- There is no evidence that any high-income country is decoupling its pursuit of endless GDP growth from resource use and ecological impacts on anything like the scale required.
- The mainstream economic mindset – taught in universities and practiced in institutions worldwide – still fails to face up to this conundrum.
- Together these five claims create the central challenge of the book. If you disagree with any of them, I’d be curious to know which one(s). And if you agree with them all, I’d sincerely like to understand how you proposing resolving the challenge they create.
My attempt at resolving it, as you know, is to advocate an economic mindset focused on creating economies that are regenerative and distributive by design and, simultaneously, to overcome the structural dependence of high-income countries on endless GDP growth.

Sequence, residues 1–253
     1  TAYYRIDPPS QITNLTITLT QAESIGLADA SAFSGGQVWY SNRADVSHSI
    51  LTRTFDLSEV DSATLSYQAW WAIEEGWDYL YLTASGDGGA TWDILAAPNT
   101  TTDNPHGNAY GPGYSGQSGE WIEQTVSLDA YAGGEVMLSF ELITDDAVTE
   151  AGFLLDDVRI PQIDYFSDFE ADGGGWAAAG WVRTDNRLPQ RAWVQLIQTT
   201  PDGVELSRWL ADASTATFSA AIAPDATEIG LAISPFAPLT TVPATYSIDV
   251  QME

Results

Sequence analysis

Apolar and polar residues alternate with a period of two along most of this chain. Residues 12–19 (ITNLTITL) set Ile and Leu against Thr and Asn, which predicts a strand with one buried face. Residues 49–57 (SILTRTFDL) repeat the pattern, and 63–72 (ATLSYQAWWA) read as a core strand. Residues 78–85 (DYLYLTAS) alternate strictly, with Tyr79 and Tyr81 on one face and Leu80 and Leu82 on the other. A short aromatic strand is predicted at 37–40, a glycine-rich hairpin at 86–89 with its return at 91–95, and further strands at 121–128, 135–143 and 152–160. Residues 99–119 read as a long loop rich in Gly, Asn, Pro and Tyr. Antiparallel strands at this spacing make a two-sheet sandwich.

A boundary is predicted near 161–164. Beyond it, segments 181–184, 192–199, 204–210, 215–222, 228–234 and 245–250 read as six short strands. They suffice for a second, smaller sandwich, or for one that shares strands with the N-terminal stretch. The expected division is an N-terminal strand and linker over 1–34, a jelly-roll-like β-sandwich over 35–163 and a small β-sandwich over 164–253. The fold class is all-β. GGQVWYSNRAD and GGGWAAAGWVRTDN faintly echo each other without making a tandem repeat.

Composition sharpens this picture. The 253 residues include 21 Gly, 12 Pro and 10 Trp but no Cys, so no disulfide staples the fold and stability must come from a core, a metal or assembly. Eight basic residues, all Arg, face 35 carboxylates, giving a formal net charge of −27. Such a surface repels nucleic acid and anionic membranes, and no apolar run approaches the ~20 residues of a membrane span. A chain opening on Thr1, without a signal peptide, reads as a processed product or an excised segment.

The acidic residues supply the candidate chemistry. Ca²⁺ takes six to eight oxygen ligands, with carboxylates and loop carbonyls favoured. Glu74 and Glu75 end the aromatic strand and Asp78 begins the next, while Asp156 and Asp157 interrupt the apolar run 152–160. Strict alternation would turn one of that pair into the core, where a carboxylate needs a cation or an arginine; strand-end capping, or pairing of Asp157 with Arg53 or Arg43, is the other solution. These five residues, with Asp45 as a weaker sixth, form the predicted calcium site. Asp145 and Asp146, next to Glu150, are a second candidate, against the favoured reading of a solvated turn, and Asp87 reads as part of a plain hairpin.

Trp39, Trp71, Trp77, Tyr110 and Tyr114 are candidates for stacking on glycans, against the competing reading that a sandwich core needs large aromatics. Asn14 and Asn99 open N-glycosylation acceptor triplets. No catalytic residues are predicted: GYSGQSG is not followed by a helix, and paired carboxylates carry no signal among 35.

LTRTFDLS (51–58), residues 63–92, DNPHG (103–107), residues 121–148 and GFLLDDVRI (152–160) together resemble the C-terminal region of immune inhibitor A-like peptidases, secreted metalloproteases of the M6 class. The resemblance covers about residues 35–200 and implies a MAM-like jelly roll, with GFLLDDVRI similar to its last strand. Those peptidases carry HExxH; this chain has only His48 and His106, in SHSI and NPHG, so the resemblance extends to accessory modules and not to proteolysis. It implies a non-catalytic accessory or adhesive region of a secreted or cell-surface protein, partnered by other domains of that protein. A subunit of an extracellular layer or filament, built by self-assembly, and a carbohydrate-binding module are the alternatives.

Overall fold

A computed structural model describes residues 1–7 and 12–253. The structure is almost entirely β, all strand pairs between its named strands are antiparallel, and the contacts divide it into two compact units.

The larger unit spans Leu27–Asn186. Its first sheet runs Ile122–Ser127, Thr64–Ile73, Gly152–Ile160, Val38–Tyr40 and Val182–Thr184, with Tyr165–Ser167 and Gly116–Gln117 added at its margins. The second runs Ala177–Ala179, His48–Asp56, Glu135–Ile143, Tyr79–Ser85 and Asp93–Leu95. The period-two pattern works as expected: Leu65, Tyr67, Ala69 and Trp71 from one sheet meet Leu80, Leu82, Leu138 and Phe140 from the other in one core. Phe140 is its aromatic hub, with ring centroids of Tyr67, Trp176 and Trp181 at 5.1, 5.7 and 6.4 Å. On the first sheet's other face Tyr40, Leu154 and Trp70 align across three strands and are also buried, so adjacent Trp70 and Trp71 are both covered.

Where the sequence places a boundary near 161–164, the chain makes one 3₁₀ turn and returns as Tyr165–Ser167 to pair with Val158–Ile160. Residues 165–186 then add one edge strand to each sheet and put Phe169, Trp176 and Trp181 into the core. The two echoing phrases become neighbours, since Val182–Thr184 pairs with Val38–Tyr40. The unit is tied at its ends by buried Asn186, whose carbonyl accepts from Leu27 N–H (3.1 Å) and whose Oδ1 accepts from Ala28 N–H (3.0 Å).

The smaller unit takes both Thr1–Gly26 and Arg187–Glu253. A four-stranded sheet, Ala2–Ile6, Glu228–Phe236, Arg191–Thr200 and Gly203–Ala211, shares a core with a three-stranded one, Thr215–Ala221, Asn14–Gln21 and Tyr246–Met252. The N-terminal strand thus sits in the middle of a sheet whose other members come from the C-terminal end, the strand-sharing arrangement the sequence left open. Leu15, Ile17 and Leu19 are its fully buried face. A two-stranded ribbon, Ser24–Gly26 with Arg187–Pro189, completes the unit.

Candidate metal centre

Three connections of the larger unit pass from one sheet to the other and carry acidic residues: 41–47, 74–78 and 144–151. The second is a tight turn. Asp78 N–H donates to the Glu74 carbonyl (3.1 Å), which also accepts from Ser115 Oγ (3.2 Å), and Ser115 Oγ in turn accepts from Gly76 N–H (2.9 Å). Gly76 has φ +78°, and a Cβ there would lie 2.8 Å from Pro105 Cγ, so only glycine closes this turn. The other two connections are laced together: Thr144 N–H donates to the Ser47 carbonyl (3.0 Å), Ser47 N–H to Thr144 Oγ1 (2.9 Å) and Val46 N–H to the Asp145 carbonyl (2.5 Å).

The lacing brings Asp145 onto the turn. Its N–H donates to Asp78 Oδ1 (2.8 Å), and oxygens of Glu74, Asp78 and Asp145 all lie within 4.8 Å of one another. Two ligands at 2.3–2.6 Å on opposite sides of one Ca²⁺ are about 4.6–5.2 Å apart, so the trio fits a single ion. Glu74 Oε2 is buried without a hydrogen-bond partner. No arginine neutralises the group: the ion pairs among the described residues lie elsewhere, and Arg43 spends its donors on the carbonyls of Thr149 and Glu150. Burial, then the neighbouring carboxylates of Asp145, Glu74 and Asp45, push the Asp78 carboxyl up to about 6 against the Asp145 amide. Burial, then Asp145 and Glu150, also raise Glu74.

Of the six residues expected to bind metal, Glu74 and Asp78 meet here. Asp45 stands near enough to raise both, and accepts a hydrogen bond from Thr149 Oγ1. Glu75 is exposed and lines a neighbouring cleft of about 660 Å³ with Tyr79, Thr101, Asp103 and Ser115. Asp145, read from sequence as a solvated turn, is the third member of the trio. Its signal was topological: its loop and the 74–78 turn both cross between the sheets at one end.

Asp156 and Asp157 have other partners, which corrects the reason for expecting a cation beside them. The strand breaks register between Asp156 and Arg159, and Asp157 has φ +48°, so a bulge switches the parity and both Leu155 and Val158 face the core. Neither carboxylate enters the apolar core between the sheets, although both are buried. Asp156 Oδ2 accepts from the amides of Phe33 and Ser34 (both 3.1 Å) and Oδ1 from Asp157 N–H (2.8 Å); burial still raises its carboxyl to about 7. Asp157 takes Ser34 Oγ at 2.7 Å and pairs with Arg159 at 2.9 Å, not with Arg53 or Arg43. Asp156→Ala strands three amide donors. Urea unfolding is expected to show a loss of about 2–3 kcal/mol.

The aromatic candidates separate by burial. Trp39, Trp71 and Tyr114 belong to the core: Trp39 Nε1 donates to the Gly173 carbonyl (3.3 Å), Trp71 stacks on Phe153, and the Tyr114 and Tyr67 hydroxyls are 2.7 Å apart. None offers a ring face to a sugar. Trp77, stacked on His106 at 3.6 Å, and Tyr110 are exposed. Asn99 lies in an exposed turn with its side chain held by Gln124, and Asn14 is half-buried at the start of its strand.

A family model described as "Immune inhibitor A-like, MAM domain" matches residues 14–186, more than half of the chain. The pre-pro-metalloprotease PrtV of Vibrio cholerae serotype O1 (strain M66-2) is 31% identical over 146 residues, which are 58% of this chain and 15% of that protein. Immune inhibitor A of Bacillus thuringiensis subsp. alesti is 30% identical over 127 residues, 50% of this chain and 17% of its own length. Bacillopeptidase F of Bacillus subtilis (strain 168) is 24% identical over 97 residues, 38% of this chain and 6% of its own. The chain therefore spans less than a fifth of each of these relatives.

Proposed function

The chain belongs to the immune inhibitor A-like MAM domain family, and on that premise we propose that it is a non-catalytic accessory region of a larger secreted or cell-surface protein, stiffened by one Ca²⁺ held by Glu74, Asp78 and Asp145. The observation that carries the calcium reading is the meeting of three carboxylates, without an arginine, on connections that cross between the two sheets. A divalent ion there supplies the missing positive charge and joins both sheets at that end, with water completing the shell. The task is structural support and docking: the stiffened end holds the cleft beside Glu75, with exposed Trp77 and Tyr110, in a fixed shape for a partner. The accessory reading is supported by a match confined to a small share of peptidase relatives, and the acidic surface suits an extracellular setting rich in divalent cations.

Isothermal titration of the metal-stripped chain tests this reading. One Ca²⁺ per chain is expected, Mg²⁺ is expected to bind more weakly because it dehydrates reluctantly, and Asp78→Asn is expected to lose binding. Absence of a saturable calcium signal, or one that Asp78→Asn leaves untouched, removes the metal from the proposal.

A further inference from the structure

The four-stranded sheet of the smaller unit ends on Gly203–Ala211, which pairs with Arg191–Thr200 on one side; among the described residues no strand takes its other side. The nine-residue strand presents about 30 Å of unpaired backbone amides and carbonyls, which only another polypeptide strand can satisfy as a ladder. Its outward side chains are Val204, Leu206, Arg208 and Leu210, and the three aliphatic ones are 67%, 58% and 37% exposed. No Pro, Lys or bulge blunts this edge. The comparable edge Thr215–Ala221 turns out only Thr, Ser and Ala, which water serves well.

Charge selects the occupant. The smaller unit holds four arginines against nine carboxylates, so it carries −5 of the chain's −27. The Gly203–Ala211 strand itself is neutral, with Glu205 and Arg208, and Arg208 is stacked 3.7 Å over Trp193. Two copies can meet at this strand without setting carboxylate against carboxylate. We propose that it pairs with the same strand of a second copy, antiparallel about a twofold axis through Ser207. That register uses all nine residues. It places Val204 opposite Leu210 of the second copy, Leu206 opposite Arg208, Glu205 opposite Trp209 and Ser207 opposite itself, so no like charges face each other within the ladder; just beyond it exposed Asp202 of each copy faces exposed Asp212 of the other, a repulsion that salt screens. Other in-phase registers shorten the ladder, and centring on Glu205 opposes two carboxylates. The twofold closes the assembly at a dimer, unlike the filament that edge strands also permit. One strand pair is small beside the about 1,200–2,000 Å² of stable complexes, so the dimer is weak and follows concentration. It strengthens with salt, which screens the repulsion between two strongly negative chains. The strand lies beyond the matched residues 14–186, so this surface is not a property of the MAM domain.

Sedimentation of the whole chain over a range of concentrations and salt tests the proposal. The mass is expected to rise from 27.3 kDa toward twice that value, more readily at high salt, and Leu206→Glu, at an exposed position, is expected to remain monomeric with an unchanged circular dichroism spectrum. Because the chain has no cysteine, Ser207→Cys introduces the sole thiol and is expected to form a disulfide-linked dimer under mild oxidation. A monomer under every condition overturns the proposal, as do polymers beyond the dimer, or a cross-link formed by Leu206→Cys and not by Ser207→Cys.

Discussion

Yes, I think this growth addiction is the mother of all long-term economic challenges, and I certainly don’t have all the answers, but I tried to address it in the book because it doesn’t go away if we simply don’t confront it.
BM 3rd critique: “The book portrays globalized capitalism as entering a ‘more cooperative and gentler’ phase – but in fact people are embracing ever greater commodification, leading to a self-centred, money- and success-oriented society.”
KR: I certainly don’t think capitalism is entering, as you put it, ‘a gentler and more cooperative phase’ (you must be joking!). Instead, I see alternative forms of economic organizing emerging – running counter to the extractive drive of capitalism – such as in open-source design, platform cooperativism, and the creative commons.